This section is from the book "American Game Fishes", by W. A. Perry. Also available from Amazon: American Game Fishes: Their Habits, Habitat, and Peculiarities; How, When, and Where to Angle for Them.
Body elongate, the depth usually about 2 1-2-in. length of body, the profile more or less strongly S-shaped, owing to the projecting snout, depressed occipital region and strongly prominent, thickened ante-dorsal area; head long,about 3-in. length; the mouth very wide, the mandible being about as long as the pectorals; eye large,about 4-in. head; fin-rays, dorsal VI, 15, the spines varying from V to VII; anal VI, 18, the spines frequently but 5 in number, the number of spines is subject to considerable variation, but the normal number both in dorsal and in anal is six; the proportions of the spines also vary somewhat; lateral line with about 42 scales (36 to 48); color, clear silvery olive, mottled with dark olive green, the green being chiefly on the upper part of the body and having a tendency to form narrow vertical bars; dorsal and caudal mottled with green; anal pale, scarcely marked at all; soft rays of dorsal and anal very high but still lower than in the Calico Bass. This species reaches the height of about a foot. The form varies much with age, large specimens having the body much deeper and more compressed than is the case with young fishes.
The Crappie is one of our best pan-fishes, greedy and voracious as a black Bass, but less active, and giving up the fight at once when the hook is in his jaws. It reaches usually a length of ten or twelve inches, and a pound weight, but there are records of Crappies weighing three pounds.
The home of the Crappie is in the Mississippi valley, especially from St. Louis southward, although it ranges northward to Minnesota. It thrives best in sluggish waters, and is not averse to warm water or even mud. Young Crappies run by thousands into the muddy bayous, and when these ponds and sloughs dry up in the summer, multitudes of these little fishes, with the young of the Large-mouthed Black Bass and others, are left to die.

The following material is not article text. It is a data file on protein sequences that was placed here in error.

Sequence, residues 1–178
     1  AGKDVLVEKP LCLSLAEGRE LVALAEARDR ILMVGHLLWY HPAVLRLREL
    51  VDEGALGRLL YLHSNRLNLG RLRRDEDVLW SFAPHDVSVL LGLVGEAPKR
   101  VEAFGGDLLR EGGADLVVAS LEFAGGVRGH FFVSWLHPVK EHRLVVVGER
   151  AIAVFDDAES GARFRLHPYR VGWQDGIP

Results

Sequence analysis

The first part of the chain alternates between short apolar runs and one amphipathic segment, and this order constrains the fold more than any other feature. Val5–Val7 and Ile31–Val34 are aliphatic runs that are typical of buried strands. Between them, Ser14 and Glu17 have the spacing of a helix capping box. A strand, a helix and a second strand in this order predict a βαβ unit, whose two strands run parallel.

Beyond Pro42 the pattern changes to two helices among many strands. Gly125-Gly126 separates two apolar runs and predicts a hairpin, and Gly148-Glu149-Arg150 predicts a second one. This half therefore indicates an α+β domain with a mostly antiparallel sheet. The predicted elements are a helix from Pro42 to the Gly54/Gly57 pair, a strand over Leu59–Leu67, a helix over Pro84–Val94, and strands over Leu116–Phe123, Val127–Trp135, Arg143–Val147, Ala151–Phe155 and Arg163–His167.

The Crappie is known by a variety of other names, at different localities within its range. In the Ohio River it is "Bachelor," and sometimes "New Light," or "Campbellite," its advent in certain rivers of Kentucky being reputed to be coincident with the preaching of Alexander Campbell. " Bride Perch" and "Chinquapin Perch" are meaningless names heard on the Mississippi River. Tin-mouth is another name with some shade of appropriateness, while about New Orleans is heard the inexplicable appellation of "Sac-a-lait," also freely applied to the larger Killi-fishes. Of these names Crappie is to be preferred, because it is most widely used, and because it belongs to no other fish.
The Crappie feeds on small fishes and crustaceans. It takes very kindly to life in ponds and with the Calico Bass and the Rock-Bass, it is one of the species best adapted for the stocking of ponds.
"Our 'Crappie,' the greatest pan-fish of the West, is highly esteemed by us for the table. We have seen a monster Crappie this spring, weighing over three pounds, taken at Murdock Club Lake, near St. Louis, on the Illinois side. We consider one of one-and-a-half to two pounds a large one. They are taken about logs and tree-tops, on the water's edge in our rivers and sloughs. They are greedy fellows, but as soon as hooked, step right into the boat without a struggle for liberty.
"A gentleman of this place, a member of one of our old French families, who turned the scale at about three-hundred pounds, was noted for his success in Crappie-fishing. He would have his large flat towed to a tree; when, tied to a limb, he would settle himself for the day on a pillow placed in a large split-bottom chair. Hauling his live-box and minnow-pail alongside, he would bait two hooks attached to a strong line, using a weak snell, so that in case the hook should foul, he could break it loose. He used a float and short, stout bamboo rod, and, shaking the bushes a little, 'to stir up the fish, would select an opening and carefully drop on the minnow, two feet below the surface, pass the end of the rods through rings in the side of the boat, light his pipe, and wait for something to happen. It was not long; and after the fun began, it was the same monotonous lifting out of fish, and dropping them into the live-box all the day long, and was continued on the next, until he had brought to creel over three hundred.
"I have always associated in my mind the Crappie, and the love of ease and quiet of our old French inhabitants. Nothing could more truly represent contentment and ease than the picture of this simple-minded old gentleman on his annual Crappie fish at King's Lake."